These profiles identify key components of each agency’s approach to open data, including basic information on their projects, agency structures, and the challenges they faced in making data public.

2.1 North Jersey Transportation Planning Authority (NJTPA)

The North Jersey Transportation Planning Authority (NJTPA) is the federally authorized MPO for 6.7 million people and 13 counties in northern New Jersey. NJTPA’s data needs are unique in the sense that it brings together data from 13 member member organizations: Newark, Jersey City, New Jersey Department of Transportation (NJDOT), Port Authority of New York and New Jersey (PANYNJ), NJ TRANSIT, New Jersey Department of Environmental Protection (NJDEP), and all of New Jersey’s Transportation Management Associations (TMAs). In order to allow efficient access to these many datasets, the NJTPA created the Open Data Portal, which normalizes and integrates data from these multiple stakeholders to make it more accessible and meaningful. The Open Data Portal includes data submitted by all stakeholders, including datasets related to demographics, transit ridership, roads, asset management, freight, and many other topics.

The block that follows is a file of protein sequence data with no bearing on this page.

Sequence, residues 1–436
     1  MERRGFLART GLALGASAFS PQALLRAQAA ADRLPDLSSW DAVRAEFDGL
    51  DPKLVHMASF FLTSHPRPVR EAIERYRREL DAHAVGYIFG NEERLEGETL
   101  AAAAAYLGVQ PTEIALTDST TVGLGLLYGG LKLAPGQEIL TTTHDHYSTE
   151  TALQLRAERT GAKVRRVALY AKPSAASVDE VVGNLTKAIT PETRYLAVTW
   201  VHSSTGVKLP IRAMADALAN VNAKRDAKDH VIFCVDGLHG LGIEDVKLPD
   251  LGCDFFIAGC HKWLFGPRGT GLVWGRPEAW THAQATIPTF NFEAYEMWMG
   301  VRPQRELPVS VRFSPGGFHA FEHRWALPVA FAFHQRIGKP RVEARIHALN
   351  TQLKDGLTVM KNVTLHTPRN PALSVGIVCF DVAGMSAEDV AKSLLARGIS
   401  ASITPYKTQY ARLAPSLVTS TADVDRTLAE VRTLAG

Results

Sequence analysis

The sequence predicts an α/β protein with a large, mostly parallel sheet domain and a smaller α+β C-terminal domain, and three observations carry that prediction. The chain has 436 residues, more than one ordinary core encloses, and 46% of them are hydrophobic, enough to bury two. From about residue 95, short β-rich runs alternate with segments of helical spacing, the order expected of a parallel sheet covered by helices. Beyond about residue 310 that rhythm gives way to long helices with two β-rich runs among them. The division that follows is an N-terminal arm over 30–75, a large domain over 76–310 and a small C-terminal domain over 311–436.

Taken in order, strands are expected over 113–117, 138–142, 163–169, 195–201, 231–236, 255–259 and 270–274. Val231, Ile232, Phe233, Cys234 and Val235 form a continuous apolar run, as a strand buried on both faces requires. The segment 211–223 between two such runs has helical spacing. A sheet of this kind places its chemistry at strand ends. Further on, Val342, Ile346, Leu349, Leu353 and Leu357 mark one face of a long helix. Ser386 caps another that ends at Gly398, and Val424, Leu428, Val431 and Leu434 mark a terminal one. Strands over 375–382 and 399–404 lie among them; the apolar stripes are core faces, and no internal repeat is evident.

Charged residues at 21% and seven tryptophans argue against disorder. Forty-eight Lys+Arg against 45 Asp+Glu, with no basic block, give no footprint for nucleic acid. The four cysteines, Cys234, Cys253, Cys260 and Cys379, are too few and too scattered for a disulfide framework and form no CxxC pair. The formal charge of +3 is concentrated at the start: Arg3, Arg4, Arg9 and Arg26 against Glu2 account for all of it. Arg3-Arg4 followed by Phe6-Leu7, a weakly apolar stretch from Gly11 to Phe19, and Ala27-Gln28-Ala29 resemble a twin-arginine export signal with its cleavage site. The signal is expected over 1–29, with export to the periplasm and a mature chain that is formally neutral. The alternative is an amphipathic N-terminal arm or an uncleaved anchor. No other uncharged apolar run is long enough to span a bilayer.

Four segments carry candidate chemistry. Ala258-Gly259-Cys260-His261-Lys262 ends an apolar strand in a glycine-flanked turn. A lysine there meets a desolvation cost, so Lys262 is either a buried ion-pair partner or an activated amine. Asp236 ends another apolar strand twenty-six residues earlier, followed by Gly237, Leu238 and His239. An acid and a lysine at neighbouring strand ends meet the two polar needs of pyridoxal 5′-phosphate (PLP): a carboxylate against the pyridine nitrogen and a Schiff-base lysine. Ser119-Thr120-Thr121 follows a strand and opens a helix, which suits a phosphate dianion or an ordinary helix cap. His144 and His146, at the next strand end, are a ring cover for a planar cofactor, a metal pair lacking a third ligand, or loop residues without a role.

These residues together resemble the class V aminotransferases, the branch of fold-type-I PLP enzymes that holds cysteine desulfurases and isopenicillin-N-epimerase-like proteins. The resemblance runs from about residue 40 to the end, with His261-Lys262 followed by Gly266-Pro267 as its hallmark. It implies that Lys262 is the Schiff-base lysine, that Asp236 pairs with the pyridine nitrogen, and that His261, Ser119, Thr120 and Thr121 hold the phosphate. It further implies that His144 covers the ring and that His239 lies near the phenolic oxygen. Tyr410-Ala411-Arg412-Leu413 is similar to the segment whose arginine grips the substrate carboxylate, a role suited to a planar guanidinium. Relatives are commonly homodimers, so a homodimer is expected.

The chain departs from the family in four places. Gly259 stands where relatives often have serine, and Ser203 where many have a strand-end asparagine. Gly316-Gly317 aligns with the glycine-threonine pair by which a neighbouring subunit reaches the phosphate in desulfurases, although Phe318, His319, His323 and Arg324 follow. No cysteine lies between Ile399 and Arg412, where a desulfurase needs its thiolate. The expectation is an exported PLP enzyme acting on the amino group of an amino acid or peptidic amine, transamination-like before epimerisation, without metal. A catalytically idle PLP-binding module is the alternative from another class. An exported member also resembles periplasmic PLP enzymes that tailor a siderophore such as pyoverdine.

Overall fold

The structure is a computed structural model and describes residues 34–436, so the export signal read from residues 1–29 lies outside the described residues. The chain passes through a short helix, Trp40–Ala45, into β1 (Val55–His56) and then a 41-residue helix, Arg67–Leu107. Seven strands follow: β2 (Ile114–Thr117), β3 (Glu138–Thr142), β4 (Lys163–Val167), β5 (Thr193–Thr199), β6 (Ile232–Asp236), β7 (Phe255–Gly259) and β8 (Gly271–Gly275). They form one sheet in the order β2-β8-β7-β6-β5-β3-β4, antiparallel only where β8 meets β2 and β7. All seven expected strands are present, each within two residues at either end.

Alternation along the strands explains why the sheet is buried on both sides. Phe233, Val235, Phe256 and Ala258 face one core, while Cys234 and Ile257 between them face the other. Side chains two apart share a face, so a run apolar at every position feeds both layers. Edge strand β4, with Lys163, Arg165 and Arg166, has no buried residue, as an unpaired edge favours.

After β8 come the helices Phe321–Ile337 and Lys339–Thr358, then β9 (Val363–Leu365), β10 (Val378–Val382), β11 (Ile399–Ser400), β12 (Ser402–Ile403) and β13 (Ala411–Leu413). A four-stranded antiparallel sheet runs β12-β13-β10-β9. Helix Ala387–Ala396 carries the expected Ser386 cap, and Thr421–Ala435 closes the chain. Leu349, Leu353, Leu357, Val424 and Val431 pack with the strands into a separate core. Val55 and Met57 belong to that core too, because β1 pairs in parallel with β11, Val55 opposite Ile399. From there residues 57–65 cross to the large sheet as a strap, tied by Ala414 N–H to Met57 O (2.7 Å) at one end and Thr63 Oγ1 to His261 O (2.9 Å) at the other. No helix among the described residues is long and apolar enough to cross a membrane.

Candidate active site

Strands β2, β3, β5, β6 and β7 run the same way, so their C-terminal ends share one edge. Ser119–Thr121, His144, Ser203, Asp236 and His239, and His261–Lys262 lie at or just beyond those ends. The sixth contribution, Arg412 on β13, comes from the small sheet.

While the Open Data Portal holds all of NJTPA’s stakeholders’ submitted datasets, it has also incorporated the data into a number of topic-specific tools that its members can use on a day-to-day basis. These applications were developed in house or by consultant efforts, and provide valuable information on county demographic profiles, regional freight activity, and scenario planning for the region. These specialized tools allow stakeholders to access NJTPA’s robust data repository in a more user-friendly and directed approach, as opposed to analyzing raw data (though that option is available as well).